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Iran says awaiting US decision on revived nuclear deal

The government spokesman suggested the nuclear talks could stretch well into the term of the next Iranian administration led by ultraconservative President-elect Ebrahim Raisi.
Iran's Atomic Energy Organization spokesman Behrouz Kamalvandi, government spokesman Ali Rabiei and Deputy Foreign Minister Abbas Araghchi give a joint press conference at the presidential headquarters in the capital, Tehran, on July 7, 2019.

Iranian government spokesperson Ali Rabiei said the Islamic Republic has now finalized its decision following six rounds of negotiations in Vienna over the revival of the Iran nuclear deal, or the Joint Comprehensive Plan of Action (JCPOA).

"Our positions are absolutely clear to all the parties," Rabiei declared at a virtual presser on June 29. According to him, Tehran is now awaiting a decision by the other sides, including the United States, which has been indirectly involved in the talks. The other parties are the United Kingdom, France, Germany, China and Russia.

Rabiei did not specify the nature of the Iranian decision, such as possible concessions or gains that Tehran has possibly agreed upon. The Iranian negotiators returned to their capital earlier this month for consultations. Any key decision at such a level is only made with the approval of Supreme Leader Ayatollah Ali Khamenei, whose greenlight allowed for the original JCPOA back in 2015.

Rabiei noted there is agreement on the lifting of the key oil and banking sanctions the United States reimposed on Iran following its departure from the accord in 2018. The punitive measures have triggered a sharp downturn in Iran's economy and have seen the country's national currency nosedive at levels not seen in Iran's recent history.

Yet he noted that "unless there is agreement on all the agenda points, there is practically no deal." The Iranian official seemed to be referring to sanctions imposed on individuals and entities linked to the office of Iran's supreme leader, which according to diplomats have been a contentious point putting a brake on the intense Vienna talks.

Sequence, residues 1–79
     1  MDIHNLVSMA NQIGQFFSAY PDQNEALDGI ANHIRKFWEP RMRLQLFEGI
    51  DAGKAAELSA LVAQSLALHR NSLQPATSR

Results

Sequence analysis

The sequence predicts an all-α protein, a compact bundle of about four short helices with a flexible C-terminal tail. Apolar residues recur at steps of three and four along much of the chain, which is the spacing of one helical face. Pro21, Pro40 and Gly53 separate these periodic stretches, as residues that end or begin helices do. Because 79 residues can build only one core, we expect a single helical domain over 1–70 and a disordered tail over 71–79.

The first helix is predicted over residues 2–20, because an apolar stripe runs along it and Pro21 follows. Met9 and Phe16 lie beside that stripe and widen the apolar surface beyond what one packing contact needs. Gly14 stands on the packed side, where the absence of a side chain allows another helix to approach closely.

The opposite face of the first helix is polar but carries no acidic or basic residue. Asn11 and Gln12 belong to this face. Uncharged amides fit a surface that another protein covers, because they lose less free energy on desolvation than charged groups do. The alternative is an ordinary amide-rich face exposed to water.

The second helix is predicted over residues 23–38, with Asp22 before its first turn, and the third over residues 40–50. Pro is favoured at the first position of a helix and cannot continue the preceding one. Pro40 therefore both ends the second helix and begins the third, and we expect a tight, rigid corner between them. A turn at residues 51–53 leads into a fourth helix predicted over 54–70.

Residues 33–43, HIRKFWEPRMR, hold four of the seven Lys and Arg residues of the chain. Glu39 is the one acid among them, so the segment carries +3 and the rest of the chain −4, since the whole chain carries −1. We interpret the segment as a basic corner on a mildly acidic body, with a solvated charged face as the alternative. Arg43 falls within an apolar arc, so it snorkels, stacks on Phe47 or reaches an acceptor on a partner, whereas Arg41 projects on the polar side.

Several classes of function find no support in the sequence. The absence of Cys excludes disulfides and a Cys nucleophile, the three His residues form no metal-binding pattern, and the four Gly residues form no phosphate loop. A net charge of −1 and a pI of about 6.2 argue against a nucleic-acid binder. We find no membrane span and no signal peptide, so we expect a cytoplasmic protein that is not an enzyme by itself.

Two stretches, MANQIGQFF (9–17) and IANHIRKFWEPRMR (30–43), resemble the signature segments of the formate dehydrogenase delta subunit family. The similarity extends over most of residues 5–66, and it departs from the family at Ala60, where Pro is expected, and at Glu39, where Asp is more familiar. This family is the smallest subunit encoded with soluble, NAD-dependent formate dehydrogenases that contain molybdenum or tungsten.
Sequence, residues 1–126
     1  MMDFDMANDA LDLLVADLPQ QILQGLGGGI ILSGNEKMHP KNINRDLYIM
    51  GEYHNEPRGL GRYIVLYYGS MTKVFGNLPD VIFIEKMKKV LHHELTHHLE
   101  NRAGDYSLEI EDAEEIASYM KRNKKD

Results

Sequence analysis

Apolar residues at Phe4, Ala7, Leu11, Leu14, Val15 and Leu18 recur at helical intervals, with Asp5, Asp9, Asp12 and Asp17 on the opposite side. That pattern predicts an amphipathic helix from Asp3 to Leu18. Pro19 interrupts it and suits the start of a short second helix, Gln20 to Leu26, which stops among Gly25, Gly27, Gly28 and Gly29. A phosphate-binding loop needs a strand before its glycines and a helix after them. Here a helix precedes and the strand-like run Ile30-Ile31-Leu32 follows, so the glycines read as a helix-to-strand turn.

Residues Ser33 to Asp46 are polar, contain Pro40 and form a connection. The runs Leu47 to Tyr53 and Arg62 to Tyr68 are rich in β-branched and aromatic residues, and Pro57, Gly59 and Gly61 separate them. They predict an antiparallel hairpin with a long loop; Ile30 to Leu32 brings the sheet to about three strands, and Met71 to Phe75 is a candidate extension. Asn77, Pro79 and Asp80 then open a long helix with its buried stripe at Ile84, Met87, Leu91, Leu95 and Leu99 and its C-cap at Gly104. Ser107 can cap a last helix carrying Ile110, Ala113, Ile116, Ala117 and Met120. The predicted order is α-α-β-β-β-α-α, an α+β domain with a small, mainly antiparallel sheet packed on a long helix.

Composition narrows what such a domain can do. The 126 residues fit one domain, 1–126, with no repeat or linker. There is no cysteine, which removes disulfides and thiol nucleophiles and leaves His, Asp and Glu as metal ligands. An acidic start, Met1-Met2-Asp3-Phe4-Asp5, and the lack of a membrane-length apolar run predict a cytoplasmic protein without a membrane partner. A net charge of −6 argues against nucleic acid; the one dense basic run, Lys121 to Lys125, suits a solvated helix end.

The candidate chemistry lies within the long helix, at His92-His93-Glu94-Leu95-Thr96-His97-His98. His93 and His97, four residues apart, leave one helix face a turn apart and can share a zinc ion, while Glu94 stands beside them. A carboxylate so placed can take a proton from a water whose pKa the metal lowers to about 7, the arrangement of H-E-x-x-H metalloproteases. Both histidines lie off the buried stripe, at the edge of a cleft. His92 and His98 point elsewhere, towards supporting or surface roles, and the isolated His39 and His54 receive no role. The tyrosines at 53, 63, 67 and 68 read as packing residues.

Picking up on the official line that there is no rush for a deal, Rabiei hinted at the possibility that the talks may bear no fruit during President Hassan Rouhani's remaining few weeks in office. In that case, he said, the ruling establishment could delegate the duty to the next administration under hard-line President-elect Ebrahim Raisi.

After Raisi's victory in a low-turnout, controversial election on June 18, the Vienna negotiations were adjourned in what seemed to be Washington's moment of contemplation on what lies ahead in light of new arrangements in Tehran's corridors of power.

While Raisi has announced that he will pursue the JCPOA revival talks, his precise plans are still everyone's guess. A complete in-house cleanup within Iran's negotiating team, however, is a likely possibility the cleric is said to be weighing.

Speculations are currently rife that his main candidate for a new foreign minister is Ali Bagheri Kani. A close aide to the hard-line president-elect, Bagheri Kani was Iran's senior nuclear negotiator (2007-2013) in a team of uncompromising diplomats at the height of Tehran's standoff with the West, when talks were characterized with one lengthy stalemate after another.

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